The researchers hypothesize that if they could reverse the maturation of the synapses that are generated after using cocaine, the synapses would remain silent, thus rendering them unable to send craving signals. (Credit: Shawn Rossi/Flickr)

After cocaine, nerve cells send signals that intensify cravings

One way to control cravings for cocaine may be to reverse a process that allows nerve cells to mature and send signals that intensify the urge to use the drug.

Researchers used rats to examine the effects of cocaine addiction and withdrawal on nerve cells in the nucleus accumbens, a small region in the brain that is commonly associated with reward, emotion, motivation, and addiction. Specifically, they investigated the roles of synapses—the structures at the ends of nerve cells that relay signals.

When an individual uses cocaine, some immature synapses are generated, which are called “silent synapses” because they send few signals under normal physiological conditions. After quiting cocaine, these “silent synapses” go through a maturation phase and acquire the ability to send signals.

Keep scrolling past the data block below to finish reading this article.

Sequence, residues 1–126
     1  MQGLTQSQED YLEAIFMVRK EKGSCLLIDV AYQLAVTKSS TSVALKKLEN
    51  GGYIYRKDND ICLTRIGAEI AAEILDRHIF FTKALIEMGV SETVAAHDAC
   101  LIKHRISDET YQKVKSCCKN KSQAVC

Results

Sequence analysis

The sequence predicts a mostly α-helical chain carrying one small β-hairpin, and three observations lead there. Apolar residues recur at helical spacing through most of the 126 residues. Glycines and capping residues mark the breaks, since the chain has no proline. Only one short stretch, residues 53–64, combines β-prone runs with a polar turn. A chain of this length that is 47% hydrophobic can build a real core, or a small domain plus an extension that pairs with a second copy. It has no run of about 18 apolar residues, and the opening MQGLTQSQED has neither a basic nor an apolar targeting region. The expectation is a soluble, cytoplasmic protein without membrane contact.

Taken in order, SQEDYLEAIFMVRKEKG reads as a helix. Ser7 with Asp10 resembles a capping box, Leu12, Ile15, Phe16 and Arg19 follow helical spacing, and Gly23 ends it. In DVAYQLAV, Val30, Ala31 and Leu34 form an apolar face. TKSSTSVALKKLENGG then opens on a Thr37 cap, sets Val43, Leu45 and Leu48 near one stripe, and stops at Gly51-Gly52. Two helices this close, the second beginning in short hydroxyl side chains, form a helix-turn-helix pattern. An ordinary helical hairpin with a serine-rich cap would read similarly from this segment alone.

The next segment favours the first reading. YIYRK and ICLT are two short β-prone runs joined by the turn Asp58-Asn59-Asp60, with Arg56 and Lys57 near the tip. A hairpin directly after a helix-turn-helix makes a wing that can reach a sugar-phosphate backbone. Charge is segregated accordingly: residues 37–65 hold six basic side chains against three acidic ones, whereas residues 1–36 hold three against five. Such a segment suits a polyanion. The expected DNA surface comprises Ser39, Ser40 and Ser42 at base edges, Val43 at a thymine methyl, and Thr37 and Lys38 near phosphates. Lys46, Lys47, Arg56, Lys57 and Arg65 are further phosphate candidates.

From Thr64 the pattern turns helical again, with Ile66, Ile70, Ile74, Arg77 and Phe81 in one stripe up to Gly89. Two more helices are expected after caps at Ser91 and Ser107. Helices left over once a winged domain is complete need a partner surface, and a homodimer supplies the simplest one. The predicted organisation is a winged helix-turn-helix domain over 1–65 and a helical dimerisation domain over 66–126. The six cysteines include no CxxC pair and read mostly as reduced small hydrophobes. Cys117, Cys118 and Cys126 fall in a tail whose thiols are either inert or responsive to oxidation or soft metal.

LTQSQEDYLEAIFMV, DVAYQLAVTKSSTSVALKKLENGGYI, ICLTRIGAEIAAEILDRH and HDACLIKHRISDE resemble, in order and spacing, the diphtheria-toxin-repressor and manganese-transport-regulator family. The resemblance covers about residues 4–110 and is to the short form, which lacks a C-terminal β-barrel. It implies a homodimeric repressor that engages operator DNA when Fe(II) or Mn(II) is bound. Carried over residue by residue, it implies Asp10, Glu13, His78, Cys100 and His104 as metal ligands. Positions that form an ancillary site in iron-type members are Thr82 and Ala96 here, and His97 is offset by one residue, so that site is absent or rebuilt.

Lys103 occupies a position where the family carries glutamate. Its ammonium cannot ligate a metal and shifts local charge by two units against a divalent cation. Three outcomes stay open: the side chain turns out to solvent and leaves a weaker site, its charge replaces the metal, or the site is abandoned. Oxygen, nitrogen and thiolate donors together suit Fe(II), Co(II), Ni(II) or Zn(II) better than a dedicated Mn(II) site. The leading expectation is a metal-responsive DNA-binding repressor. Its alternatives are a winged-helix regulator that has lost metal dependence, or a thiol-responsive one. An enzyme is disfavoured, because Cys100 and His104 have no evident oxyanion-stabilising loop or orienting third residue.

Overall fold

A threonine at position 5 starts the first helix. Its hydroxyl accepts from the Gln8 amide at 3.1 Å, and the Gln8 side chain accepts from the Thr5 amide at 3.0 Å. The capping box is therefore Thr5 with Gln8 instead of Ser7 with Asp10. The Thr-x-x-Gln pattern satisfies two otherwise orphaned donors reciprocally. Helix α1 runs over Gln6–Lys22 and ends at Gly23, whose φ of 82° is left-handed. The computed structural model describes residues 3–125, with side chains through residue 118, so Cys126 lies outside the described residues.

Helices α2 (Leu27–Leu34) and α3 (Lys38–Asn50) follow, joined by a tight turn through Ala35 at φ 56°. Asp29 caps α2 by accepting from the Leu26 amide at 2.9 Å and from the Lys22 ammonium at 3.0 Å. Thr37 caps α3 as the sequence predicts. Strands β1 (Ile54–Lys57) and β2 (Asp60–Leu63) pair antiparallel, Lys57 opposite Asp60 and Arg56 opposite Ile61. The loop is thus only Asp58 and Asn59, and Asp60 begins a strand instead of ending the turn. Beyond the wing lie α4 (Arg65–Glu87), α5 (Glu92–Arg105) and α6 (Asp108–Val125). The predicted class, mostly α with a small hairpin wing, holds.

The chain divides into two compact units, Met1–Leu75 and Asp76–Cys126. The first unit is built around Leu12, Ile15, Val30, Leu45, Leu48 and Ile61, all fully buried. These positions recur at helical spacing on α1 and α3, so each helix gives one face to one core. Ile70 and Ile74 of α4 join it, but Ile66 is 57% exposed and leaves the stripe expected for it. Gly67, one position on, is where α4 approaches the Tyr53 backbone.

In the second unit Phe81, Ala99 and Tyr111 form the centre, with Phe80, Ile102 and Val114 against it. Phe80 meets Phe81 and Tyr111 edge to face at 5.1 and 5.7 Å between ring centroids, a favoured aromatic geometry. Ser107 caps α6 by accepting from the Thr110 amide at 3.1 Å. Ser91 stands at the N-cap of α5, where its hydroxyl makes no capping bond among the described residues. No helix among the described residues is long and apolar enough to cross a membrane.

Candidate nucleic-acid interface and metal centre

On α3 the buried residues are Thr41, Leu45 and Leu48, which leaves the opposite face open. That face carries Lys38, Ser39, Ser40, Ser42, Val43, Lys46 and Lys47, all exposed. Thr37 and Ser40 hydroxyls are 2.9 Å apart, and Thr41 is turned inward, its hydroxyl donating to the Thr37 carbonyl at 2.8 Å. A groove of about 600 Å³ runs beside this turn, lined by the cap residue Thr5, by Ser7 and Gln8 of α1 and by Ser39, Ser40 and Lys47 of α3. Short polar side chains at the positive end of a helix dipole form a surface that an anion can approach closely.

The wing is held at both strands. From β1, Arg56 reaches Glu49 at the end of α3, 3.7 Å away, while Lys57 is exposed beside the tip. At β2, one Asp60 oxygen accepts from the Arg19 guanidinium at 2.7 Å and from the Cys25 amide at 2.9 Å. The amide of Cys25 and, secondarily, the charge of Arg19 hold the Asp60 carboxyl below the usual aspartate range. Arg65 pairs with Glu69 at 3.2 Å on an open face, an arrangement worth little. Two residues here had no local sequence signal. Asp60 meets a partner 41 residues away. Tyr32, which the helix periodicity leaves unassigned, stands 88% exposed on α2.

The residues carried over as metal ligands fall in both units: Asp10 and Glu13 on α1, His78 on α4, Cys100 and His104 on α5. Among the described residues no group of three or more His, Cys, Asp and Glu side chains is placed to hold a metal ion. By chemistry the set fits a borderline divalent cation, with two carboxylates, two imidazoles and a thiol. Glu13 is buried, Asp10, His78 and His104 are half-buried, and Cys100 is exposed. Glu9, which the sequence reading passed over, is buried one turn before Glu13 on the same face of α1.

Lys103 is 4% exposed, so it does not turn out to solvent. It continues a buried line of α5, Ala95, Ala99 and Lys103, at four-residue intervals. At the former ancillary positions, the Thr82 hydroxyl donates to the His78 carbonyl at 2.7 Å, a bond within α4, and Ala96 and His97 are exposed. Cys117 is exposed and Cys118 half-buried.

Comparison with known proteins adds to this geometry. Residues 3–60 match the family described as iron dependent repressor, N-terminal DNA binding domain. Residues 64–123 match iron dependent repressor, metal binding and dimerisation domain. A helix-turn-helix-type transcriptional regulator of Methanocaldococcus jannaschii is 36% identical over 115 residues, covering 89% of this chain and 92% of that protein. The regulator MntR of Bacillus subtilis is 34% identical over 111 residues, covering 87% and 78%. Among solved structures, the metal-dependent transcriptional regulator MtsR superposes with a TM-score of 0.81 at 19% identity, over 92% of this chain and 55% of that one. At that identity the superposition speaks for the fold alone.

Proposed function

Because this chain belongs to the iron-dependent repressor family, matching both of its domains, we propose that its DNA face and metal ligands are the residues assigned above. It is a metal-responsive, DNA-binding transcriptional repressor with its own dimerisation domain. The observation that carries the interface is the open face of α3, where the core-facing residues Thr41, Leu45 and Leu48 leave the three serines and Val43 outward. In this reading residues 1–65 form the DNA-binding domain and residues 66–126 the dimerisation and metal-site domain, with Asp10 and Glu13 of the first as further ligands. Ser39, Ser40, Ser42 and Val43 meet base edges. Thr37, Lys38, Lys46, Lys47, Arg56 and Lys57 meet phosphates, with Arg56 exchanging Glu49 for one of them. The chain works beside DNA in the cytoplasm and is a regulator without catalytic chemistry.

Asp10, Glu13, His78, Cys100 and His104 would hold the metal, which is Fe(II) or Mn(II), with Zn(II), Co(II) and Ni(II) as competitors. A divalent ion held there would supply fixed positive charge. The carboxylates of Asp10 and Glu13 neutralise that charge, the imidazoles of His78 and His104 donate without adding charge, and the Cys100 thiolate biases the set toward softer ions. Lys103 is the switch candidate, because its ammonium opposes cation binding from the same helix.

The synapses will then send craving signals for cocaine if the individual is exposed to cues that previously led him or her to use the drug.

The researchers hypothesize that if they could reverse the maturation of the synapses, the synapses would remain silent, thus rendering them unable to send craving signals. They examined a chemical receptor known as CP-AMPAR that is essential for the maturation of the synapses. In their experiments, the synapses reverted to their silent states when the receptor was removed. Their findings appear in Nature Neuroscience.

“Reversing the maturation process prevents the intensification process of cocaine craving,” says Yan Dong, a neuroscience professor at the University of Pittsburgh who led the research team. “We are now developing strategies to maintain the ‘reversal’ effects.”

The National Institutes of Health’s National Institute on Drug Abuse and the German Research Foundation supported the study.

Source: University of Pittsburgh

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